Coral Springs resident Sgt. Charles Swope was recently the focus of a story about the challenges of finishing his education while being deployed. He is the son of residents Charles and Theresa Swope.
Charles grew up in the city, was an Eagle Scout from Troop 246, and even graduated early from Coral Springs High School to join the Marine Corp.
The temperature rises to more than 100 degrees in Ramadi, Iraq, as a Marine puts on his gear and prepares for another day of patrolling. Just a few hours ago he had been taking an exam for a college level history class, now he must switch his mindset from academics to combat.
Even with the numerous stresses brought on by a combat environment, Sgt. Charles Swope, a team leader with 1st Reconnaissance Battalion, earned his master’s degree in Business Administration during three combat deployments in support of Operation Enduring Freedom and Operation Iraqi Freedom.
“I remember my platoon sergeant saying that I would never have time for college classes being an infantryman,” said Swope, a native of Coral Springs, Fla. “He was shocked when I told him I just graduated my first course with an A.”
While working on his degree, Swope found himself engaging enemy forces then returning to his forward operating base to take an exam the same day. Swope even paid a local café to let him use their Internet just to access his online courses while he was deployed to Iraq.
“It really puts a lot of stress on someone being put into that position where they’re under fire one minute, then returning to a classroom environment the next,” he said. “But if they really want to accomplish something, they will persist through anything to achieve that goal.”
Swope began his career as a rifleman, but sought to challenge himself by attending the Basic Reconnaissance Course, all while working towards his master’s degree.
“After graduating BRC, I was immediately put into a reconnaissance team as a point man and then deployed to Afghanistan,” he said. “This deployment we were constantly performing operations, giving me hardly any time to perform my schoolwork.”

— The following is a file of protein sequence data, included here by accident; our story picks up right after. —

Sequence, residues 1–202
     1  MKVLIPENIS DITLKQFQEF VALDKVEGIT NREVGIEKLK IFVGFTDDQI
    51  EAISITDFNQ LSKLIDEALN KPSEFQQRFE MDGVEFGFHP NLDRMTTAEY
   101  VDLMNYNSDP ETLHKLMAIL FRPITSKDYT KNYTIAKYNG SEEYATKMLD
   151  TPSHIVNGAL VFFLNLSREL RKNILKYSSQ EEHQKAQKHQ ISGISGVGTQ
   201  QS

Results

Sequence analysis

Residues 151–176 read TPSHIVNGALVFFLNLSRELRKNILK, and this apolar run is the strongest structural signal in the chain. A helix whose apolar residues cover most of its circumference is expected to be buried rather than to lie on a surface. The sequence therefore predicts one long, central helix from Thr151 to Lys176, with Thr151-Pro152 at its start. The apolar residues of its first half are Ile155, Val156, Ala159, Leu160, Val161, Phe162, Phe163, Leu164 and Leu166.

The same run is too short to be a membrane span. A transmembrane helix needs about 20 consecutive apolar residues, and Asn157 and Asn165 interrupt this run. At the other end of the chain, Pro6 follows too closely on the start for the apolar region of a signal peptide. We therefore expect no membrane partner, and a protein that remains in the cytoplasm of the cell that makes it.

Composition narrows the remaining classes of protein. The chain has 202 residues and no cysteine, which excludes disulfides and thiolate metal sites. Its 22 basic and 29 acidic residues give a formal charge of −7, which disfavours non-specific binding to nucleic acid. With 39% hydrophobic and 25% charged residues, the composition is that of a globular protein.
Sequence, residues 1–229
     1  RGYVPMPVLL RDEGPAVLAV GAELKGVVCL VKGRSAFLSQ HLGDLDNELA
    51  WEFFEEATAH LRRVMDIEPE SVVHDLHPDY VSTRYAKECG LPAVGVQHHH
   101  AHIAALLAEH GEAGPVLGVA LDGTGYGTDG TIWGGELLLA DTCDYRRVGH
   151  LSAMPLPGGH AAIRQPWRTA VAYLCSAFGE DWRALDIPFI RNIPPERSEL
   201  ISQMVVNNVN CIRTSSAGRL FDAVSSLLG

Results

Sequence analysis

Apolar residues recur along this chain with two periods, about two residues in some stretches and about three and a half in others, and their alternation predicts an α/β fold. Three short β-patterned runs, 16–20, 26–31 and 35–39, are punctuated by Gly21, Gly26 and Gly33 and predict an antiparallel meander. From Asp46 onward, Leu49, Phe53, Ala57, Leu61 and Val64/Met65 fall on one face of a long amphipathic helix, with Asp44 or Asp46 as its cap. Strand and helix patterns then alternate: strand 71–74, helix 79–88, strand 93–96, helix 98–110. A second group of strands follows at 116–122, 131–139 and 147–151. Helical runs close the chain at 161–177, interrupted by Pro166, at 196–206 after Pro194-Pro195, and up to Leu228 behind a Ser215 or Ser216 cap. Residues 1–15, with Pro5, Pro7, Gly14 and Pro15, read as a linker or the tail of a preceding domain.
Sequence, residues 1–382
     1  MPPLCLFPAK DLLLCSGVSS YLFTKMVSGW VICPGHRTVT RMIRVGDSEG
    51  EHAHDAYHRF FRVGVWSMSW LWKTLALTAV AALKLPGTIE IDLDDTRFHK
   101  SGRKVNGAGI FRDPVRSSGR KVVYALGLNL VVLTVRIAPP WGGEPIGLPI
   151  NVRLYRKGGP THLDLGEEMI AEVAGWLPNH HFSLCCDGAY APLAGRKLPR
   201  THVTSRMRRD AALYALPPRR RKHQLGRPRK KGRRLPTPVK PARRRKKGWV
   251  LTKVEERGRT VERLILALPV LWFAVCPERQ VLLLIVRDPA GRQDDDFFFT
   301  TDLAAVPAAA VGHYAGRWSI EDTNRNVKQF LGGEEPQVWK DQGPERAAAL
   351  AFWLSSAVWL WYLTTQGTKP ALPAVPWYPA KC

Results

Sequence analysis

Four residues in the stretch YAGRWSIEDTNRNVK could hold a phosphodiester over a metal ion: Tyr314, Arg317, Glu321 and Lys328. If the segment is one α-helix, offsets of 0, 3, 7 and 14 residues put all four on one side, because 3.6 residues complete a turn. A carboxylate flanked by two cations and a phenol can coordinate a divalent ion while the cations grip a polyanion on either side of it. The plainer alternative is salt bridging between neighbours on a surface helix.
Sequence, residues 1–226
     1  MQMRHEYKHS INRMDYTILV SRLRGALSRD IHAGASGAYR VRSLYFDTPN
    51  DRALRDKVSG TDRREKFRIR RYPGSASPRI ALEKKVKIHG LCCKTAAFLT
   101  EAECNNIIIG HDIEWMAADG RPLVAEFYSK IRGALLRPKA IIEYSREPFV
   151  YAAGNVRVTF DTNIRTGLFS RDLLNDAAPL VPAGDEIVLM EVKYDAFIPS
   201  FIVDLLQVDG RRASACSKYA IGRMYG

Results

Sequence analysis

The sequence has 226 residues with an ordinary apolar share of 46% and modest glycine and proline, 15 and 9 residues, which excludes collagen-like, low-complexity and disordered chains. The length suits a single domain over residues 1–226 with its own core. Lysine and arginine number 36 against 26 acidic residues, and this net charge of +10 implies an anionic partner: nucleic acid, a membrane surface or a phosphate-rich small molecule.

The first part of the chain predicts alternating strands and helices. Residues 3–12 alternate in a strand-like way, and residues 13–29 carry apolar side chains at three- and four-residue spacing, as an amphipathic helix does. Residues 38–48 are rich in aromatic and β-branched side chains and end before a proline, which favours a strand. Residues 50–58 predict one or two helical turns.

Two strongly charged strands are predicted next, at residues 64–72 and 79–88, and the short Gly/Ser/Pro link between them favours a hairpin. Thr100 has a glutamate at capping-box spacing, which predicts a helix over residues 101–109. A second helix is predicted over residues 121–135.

Swope had to deal with the immense fatigue brought on by reducing his sleep in order to complete his courses.
“Most of the guys would just pass out as soon as we got back because we had been up for the last few days,” he said. “But I would have to stay up and continue working on classwork.”
Adrenaline from combat would still be surging through Swope as he sat down to do his work, keeping him awake and focused on his studies.
“That rush I had still going from combat would sometimes be the only thing that kept me alert during my classes,” he said. “The classwork also helped me come down off that rush and relax, which benefited me a lot while I was over there.”
Swope’s perseverance and dedication inspired many other Marines to follow in his footsteps and achieve their academic goals.
“He motivated me to keep pursuing my classwork,” said Cpl. Bobby Jackson, a maintenance management clerk with 1st Recon Bn. “If he can keep on pursuing his degree even with his deployments and everything he has been through, then I should have no excuse to stop.”
Swope said his experiences in the Marine Corps actually made some of his classwork easier. Classes such as international business and ones on culture became simpler because of his knowledge of different countries.
“Looking back on everything I would definitely say it’s worth it to pursue education while in the Marines,” said Swope. “Even though it took a lot of sacrifice on my end and sometimes questioned if I should continue or not.”
After Swope leaves the Marine Corps he plans to transition into a management role putting his degree to good use. With a goal in place and significant life experience, he is focused on success in the next chapter of his life.
- Events2019.07.16Free Back-to-School Immunizations Available in August
- News2019.07.13Coral Springs Begins Water Main Flushing
- Crime & Safety2019.06.12‘It’s Quicker Than You Think:’ Water Safety Advocate’s Personal Loss Highlights the Need for Precautions
- News2019.06.02Broward County Commissioner Michael Udine’s June Update